What Type Of Feet Do You Have?

What type of feet do you have and how does it effect your running? Maybe not the best conversation starter with a complete stranger, but you’ll learn a lot. But the first just to clarify there are surprisingly three main types of feet, or to be more specific, three main ways our toes are aligned according to Dr. Vienne who spoke with ON Running on the matter.

Most common is the Egyptian type, where the big toe lives up to its name and is longer than all other toes. This is the case for around half of human feet. But around 40% of us have what’s known as the Greek type, where the second toe is longer than all other toes. More rare, being found in only 10% of people, is the Roman type. This is where the big toe, second toe and third toe are all the same length. 

This actually doesn’t have a big impact on how we run. There are however, said to be some character types associated with each foot type, according to folklore:

“Interestingly, people with the Egyptian foot are said to be open minded, sociable and particularly good in business. People with the Greek foot type are thought to be great leaders, creative and intelligent. And people with the Roman foot are said to be not only rather calm and thoughtful, but also reliable and pragmatic.” But Dr. Vienne soon gets more specific – and scientific. 

“The foot and ankle have a very complex anatomy. In each there are between 29 and 34 bones, more than 100 ligaments, 30 joints, more than 30 muscles, 5 major nerves and 3 arteries. All these structures work together to allow motion in all directions on varying surfaces. The impact on these anatomical structures every step is huge. Running or jumping can result in forces four or five times our body weight. 

“The attachment of the Achilles tendon at the rear of the foot can stand forces up to 800 kg/cm2. It is a real phenomenon of nature but also represents a potential point of injury particularly from overload.” And that’s the thing, just as the anatomy of the foot is more complex than you many realise, the demands we put on our feet are bigger than you might think. The role of the foot in running is not to be underestimated.

“Our feet and ankles are responsible for extraordinary biomechanics. From the moment of contact with the ground until the push-off phase there are subtle interactions between the forefoot, the midfoot and the hindfoot to adapt to different surfaces and allow many types of movements. This is called proprioception and works through automatic mechanisms involving tactile and sensomotoric nerve cells acting directly on the many muscles of the foot and ankle.” says the Dr.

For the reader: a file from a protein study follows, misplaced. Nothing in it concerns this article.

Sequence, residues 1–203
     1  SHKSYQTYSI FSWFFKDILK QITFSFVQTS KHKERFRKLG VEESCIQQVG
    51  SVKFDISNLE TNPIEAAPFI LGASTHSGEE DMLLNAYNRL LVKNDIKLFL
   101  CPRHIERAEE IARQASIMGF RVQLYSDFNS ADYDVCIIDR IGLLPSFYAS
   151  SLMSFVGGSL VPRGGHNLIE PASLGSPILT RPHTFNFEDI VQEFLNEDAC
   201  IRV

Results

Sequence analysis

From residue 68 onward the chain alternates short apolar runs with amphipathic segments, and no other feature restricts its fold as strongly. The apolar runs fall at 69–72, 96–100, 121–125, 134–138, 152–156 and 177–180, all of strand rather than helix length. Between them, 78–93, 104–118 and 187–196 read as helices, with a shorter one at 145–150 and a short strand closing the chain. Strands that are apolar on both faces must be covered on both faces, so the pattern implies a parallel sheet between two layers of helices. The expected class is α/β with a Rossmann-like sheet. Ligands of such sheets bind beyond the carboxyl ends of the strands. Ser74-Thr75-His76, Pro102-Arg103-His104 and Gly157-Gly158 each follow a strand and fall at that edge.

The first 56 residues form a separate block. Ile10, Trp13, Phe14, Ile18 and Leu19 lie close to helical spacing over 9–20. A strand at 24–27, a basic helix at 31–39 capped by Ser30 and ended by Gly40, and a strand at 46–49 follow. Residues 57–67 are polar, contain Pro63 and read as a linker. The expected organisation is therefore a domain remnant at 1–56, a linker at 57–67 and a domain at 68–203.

So now you have a new-found respect for the anatomy of the foot. But how can you use this information to help prevent injuries? Dr. Vienne groups injuries into two types: traumatic injuries and overload injuries. 

“Traumatic injuries [like slips, twists and falls] are usually not related to a mistake by the athlete,” Dr. Vienne says. “They can sometimes be associated with high-risk taking or wearing inadequate shoes.”

“We see the same problems in professional athletes, most of the time after a recovery period following an injury. Inappropriate shoes and technical mistakes can also lead to overload. The tendon insertions in the foot and ankle are the structures most often affected by overload. This can lead to chronic inflammation of these structures, which can be difficult to treat and in most of the cases are followed by a long period of rest or alternative activities.”

Of course, that sounds like something we want to avoid however possible. And, like so much in running, preventing overload is about pacing yourself. But there are a few additional steps you can take as well. 

“A progressive, structured increase of your training load is the best way to prevent an overload injury. On top of that, good technique and the right shoe can also help to reduce the risk of foot and ankle injuries.

“I also recommend that athletes compliment their endurance training by regularly doing some specific strengthening exercises and ending each training session with some stretching exercises, particularly stretching out the gastrocnemius muscle in your calf.  And finally, making sure you have enough time for recovery and balanced nutrition are important contributions to reduce the risk of injuries.”

To help build the right physical foundation for running and to build up your training gradually? Check out ON Runnings runner’s health check, with exercises for helping the body handle the rigours of running. You might also like their half marathon and full marathon training plans. And of course, make sure you get the footwear right with the brands Shoe Finder tool, a great starting point. 

On-Running.com

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